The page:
While life continues to present its challenges, I have found considerable solace in seeking out wisdom from various spiritual traditions, including Judaism. Jewish wisdom, or chochmah in Hebrew, is best learned through experience. While texts such as the Hewbrew books Proverbs, Job and Ecclesiastes can help elucidate the teachings, one must live the teachings if they are to lead to an awakening of ultimate truth. What is it that we are to learn if we dedicate our lives to the teachings?
Many of us adhere to the idea that if we work hard and do good, life will bring us good. It’s a nice idea, but the teachings make clear that life is not fair, everyone suffers, grows old and dies. For the past few years we have rearranged most aspects of our lives so our son could have a solid education. Yet despite our best efforts to make this happen, we have failed to provide him an experience worthy of our labors. We feel defeated, angry and alone. Rabbi Rami Shapiro says,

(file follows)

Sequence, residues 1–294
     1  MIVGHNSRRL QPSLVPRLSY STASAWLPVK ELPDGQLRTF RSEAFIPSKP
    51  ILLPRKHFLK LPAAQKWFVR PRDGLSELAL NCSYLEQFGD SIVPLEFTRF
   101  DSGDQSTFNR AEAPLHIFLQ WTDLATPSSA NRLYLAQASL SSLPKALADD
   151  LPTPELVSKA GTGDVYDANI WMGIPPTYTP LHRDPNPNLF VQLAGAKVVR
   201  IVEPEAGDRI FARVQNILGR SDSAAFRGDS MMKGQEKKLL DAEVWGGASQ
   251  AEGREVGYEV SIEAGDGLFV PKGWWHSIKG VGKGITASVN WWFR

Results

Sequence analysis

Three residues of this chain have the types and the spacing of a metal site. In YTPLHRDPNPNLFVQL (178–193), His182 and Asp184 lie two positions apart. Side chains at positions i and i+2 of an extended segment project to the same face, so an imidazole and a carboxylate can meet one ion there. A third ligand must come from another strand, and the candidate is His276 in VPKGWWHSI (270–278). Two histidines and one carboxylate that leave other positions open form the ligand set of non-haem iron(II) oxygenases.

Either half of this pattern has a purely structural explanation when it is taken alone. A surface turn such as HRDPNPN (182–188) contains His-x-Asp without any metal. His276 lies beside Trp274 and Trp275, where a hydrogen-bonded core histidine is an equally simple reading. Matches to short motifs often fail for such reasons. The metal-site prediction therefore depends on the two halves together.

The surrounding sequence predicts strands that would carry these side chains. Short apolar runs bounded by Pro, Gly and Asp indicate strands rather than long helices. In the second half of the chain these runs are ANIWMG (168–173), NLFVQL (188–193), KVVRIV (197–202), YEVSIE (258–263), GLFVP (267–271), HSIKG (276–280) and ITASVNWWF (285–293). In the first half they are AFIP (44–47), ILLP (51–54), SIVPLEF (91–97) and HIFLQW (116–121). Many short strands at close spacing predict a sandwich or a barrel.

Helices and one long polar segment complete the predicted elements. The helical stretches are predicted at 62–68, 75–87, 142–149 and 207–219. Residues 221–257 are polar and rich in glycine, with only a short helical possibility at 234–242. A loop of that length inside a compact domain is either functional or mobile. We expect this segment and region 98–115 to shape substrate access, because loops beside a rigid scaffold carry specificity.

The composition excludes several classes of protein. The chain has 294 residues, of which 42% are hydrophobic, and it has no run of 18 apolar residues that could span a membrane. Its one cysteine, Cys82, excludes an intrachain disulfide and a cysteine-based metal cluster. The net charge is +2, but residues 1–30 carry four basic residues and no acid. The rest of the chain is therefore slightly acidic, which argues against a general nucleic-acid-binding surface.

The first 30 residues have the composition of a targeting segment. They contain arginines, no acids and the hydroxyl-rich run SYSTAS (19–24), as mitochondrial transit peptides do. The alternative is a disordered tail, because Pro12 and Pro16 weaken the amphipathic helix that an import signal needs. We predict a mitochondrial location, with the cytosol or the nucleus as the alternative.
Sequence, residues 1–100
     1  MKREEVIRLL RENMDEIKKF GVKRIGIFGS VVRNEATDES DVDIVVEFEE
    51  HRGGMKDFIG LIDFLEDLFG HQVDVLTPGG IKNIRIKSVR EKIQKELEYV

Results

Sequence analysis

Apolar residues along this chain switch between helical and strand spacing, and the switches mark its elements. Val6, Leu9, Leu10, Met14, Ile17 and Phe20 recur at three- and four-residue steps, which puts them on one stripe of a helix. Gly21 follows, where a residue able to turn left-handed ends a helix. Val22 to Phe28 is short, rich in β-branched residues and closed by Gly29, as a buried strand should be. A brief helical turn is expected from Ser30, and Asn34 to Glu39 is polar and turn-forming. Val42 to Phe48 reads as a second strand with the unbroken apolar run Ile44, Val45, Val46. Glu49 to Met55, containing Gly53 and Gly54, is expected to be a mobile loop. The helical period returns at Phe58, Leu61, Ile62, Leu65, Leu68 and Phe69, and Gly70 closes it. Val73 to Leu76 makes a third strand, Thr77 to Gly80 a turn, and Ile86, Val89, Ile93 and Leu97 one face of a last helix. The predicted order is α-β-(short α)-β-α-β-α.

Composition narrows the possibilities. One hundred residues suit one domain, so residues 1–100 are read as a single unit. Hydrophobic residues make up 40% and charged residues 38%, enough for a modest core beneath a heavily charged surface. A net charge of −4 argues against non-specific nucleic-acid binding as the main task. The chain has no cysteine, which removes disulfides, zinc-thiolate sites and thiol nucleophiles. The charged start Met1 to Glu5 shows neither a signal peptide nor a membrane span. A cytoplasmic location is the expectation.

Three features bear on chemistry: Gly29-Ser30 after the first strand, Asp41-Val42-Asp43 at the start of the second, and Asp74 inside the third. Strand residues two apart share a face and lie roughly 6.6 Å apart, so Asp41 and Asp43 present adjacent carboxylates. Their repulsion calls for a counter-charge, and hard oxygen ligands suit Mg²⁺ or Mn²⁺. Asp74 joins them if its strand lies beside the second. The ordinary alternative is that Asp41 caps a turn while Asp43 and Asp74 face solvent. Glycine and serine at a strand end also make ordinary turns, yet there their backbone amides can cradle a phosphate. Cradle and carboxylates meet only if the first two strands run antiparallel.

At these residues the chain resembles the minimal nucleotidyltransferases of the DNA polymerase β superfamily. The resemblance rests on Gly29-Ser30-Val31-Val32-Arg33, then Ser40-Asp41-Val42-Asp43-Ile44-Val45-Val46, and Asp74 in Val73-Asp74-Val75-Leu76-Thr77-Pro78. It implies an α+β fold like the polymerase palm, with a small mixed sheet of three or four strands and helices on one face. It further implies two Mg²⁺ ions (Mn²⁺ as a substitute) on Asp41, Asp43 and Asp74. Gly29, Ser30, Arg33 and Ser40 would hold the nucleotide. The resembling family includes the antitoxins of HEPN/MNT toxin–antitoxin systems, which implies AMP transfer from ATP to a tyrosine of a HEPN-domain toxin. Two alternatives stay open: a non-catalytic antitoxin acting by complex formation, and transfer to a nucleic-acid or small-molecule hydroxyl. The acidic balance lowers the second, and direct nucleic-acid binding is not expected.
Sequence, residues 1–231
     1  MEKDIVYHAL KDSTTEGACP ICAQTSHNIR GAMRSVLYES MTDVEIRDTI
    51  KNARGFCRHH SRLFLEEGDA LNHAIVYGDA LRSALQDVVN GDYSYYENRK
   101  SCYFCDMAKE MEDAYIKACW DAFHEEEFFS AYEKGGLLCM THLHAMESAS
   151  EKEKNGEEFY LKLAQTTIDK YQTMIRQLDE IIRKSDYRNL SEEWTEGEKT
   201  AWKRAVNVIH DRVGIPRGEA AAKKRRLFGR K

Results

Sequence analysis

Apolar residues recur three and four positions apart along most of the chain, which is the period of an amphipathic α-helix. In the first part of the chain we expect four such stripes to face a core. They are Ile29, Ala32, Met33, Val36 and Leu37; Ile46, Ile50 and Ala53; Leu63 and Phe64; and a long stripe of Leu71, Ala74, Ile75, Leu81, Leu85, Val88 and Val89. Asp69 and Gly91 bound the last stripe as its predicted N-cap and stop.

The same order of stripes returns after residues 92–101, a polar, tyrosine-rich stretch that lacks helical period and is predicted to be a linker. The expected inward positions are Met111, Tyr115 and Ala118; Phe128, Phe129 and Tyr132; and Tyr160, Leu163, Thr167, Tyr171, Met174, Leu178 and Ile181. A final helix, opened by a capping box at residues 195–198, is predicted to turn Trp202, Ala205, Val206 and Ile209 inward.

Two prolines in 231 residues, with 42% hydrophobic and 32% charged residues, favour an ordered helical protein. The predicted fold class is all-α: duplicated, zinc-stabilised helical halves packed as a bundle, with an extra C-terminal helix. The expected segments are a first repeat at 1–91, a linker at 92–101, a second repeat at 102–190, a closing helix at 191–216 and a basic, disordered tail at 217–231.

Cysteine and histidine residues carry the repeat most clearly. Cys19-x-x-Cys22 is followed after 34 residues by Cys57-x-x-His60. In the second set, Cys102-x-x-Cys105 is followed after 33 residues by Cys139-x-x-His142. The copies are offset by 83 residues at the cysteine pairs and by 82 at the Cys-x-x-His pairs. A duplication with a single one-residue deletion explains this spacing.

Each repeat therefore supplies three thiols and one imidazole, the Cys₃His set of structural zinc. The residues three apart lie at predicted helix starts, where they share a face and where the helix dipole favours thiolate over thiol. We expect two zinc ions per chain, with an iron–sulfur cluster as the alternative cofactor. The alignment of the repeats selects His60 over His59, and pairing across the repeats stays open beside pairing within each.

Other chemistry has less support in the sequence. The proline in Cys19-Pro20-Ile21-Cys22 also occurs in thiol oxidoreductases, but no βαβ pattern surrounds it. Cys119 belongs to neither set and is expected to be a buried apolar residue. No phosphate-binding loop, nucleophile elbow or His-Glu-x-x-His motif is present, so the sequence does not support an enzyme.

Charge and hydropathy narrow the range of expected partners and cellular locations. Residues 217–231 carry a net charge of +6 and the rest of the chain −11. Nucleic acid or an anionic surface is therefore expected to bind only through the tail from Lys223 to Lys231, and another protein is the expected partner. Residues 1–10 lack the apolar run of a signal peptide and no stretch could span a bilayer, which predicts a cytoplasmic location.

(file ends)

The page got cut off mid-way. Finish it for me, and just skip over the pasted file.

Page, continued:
There is no escaping the absurdity of life. So don’t try. Don’t expect things to work out the way you wish.
Yet within the pain and suffering of our unmet expectations is the opportunity to go deeper, to stop fighting, and to awaken to the most important message of our existence: all life is an expression of the singular reality of God (Rabbi Rami Shapiro).
We are interdependent, yet living the illusion that we are separate from God, each other, and all things. While educating our son may seem like an independent challenge in our present lives, that too is an illusion! All of life is education, and in that sense, we are all in the same boat together. How can we fail at something that is at the very heart of our earthly existence?
Awakening to our true nature is the work of life. While pain and suffering are the primary teachers, Judaism provides plenty of guidance for how best to navigate the rough and ever-changing waters of our lives.
We commit to a contemplative life, balancing time alone, meditating, walking in nature, pondering life’s big questions, with time dedicated to our chaotic human experience. We also embrace the wisdom found in the book of Ecclesiastes, which boils down to four simple things:
- Eating Mindfully
- Drinking Moderately
- Engaging in Meaningful Work
- Bonding with Two or Three Good Friends
When put in those terms, most of our present challenges seem quite insignificant!